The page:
Work-from-home policies and social distancing protocols have been widely adopted by organisations across the globe, regardless of the size of their operations, to safeguard not just their employees’ but their own interests too. However, as a result of this major paradigm shift, the newly remote workforce has got exposed to highly unsecured work environments from a cybersecurity point of view, and this is making businesses in various verticals highly vulnerable to a plethora of unprecedented cybersecurity risks.
In times like these, organisations need to seriously consider laying a strong foundation for enterprise-grade cybersecurity policies as if it’s a dire necessity and not just an option anymore. In this article, we share expert advice on how to achieve this goal in the shortest amount of time possible, and what actions your IT team can take on an urgent basis to avoid the potential cyber threats that might arise as your staff continues to work remotely.
It’s a common misconception that cybersecurity metrics aren’t quantifiable. But in fact, you can measure the cybersecurity strength of your organisation just as easily as you monitor your revenue and other business metrics. By ensuring that your IT team regularly monitors and reports on what cybersecurity measures are currently in place, and what cybersecurity standards and protocols are being strictly followed, you are sure to achieve a significant reduction in the risk of potential cyber threats to your business.
When it comes to cybersecurity risks, it’s important to note that your confidential business data is only as secure as the weakest link in your organisation. More often than not, it’s the mistakes of one or more employees that result in the most damages incurred as a result of subsequent cyber-attacks. Based on research, the biggest reason for such mistakes is the organisation choosing not to invest in cybersecurity awareness training for their staff. However, there’s a huge cost to pay for those savings, including but not limited to the fines you pay to the ICO for not adhering the guidelines issued under the GDPR act, if even a single cybersecurity breach occurs due to employees’ lack of awareness on the topic.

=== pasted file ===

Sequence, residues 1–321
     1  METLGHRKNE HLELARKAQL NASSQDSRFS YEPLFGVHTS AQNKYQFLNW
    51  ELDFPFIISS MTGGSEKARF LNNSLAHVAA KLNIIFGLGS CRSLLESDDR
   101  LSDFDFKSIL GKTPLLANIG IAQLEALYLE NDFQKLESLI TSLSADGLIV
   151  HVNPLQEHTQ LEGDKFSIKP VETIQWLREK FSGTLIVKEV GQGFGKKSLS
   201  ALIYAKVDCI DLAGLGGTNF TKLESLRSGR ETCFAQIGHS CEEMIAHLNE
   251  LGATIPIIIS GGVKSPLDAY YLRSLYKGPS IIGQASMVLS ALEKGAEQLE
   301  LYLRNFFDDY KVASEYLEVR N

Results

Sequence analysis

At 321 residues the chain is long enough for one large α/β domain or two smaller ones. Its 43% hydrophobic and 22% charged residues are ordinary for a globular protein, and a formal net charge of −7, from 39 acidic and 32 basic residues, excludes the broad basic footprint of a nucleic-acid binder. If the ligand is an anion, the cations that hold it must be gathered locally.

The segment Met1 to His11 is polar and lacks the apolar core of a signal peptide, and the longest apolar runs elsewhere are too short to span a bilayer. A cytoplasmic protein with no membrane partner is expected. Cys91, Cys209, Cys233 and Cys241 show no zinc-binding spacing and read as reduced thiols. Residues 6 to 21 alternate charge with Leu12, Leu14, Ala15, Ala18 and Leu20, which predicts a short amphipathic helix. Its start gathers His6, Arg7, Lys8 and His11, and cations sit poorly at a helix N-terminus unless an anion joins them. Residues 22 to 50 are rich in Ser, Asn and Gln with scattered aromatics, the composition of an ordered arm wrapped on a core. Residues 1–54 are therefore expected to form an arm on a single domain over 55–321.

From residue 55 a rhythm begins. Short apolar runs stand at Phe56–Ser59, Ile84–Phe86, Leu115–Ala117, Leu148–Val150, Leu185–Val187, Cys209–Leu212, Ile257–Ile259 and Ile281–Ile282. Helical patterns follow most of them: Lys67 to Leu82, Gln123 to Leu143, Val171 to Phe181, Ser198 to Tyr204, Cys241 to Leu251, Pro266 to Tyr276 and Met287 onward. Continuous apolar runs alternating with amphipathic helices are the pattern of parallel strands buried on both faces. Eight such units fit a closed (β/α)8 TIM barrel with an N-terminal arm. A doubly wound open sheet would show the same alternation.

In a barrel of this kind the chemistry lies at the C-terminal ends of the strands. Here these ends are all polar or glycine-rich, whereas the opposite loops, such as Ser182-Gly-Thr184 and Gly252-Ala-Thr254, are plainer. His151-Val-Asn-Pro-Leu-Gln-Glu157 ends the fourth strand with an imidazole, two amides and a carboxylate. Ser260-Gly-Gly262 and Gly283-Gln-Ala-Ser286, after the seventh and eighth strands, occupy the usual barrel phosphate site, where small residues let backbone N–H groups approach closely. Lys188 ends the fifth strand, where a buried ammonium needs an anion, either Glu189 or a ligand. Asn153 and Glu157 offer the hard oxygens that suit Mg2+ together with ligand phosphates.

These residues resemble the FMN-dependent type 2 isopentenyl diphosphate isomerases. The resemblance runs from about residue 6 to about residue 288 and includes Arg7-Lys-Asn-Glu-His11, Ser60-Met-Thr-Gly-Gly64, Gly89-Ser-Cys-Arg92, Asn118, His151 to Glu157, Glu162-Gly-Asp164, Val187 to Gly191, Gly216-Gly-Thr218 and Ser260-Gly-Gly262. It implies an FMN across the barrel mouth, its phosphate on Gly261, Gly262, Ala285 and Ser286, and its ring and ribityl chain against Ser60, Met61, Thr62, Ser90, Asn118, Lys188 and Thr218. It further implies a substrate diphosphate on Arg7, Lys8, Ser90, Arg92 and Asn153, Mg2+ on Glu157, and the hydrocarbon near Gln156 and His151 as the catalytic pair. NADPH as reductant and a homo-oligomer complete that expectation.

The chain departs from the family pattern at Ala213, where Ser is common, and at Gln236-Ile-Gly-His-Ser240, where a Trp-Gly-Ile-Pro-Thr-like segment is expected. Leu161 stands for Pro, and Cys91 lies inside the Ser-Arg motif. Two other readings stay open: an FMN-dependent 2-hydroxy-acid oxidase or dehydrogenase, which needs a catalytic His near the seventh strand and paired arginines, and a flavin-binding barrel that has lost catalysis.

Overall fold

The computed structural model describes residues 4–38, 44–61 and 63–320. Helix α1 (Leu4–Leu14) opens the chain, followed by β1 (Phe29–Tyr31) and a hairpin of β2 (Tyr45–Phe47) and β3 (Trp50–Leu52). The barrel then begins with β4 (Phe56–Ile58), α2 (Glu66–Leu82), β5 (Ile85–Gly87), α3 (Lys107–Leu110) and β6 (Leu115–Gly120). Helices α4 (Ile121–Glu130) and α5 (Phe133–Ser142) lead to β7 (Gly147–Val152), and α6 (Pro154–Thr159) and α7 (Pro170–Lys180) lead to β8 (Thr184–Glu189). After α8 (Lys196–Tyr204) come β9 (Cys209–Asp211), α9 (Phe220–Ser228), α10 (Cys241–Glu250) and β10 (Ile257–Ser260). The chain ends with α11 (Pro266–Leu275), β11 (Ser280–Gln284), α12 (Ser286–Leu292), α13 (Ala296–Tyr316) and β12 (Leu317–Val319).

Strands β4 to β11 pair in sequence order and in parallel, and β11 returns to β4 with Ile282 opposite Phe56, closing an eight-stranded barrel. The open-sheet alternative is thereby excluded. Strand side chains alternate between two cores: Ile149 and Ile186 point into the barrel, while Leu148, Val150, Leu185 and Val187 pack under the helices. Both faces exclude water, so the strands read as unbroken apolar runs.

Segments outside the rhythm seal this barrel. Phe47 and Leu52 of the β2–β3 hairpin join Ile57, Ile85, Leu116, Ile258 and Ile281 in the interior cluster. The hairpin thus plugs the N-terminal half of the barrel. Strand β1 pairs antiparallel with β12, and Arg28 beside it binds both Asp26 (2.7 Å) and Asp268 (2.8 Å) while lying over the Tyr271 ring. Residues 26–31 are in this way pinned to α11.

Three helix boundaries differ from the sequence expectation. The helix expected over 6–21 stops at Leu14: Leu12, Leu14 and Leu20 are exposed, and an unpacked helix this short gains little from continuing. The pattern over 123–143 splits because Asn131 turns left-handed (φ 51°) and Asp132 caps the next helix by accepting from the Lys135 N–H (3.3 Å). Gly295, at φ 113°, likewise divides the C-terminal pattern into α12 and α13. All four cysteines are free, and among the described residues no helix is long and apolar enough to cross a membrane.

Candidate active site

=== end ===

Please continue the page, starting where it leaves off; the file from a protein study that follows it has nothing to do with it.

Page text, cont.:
Also, now that employees are working remotely, it’s essential to make them aware of the dangers of using unsecured internet connections or personal devices for work, apart from the various phishing and other cyber attacks that are doing rounds in various circles across the world wide web (including how bad actors are influencing those unaware, using COVID-19 related content). Most importantly, they need to be trained on how to practice cyber hygiene at all times, without fail. With new challenges arising every day, it’s essential to keep your staff updated with the latest cybersecurity advice with the help of regular training sessions by cybersecurity experts.
With your staff working remotely, it has now become more crucial than ever to correctly update to accommodate remote work arrangements. The updates should contain solutions mentioned in this post and many more, depending on the organisation’s current business operations and various other factors. It’s relatively easy to work with cybersecurity experts to figure out what will be the most suitable additions to this policy for your case.
Having said this, it’s even more important to properly enforce these policies across the board. Discuss with your IT team on this and find ways to ensure your staff members are adhering to these policies at all times, while they are working remotely.
In times like these, no organisation can afford to handle a cyberattack. If you don’t want to risk the future of your business, take measures to safeguard your organisation from potential cyber threats, and reach out to a team of cybersecurity professionals to seek recommendations on what needs to be done. Very soon, your company will be on track to achieve its cybersecurity goals!
If you would like to learn about what your staff can do to stay safe online when working remotely, read our post here!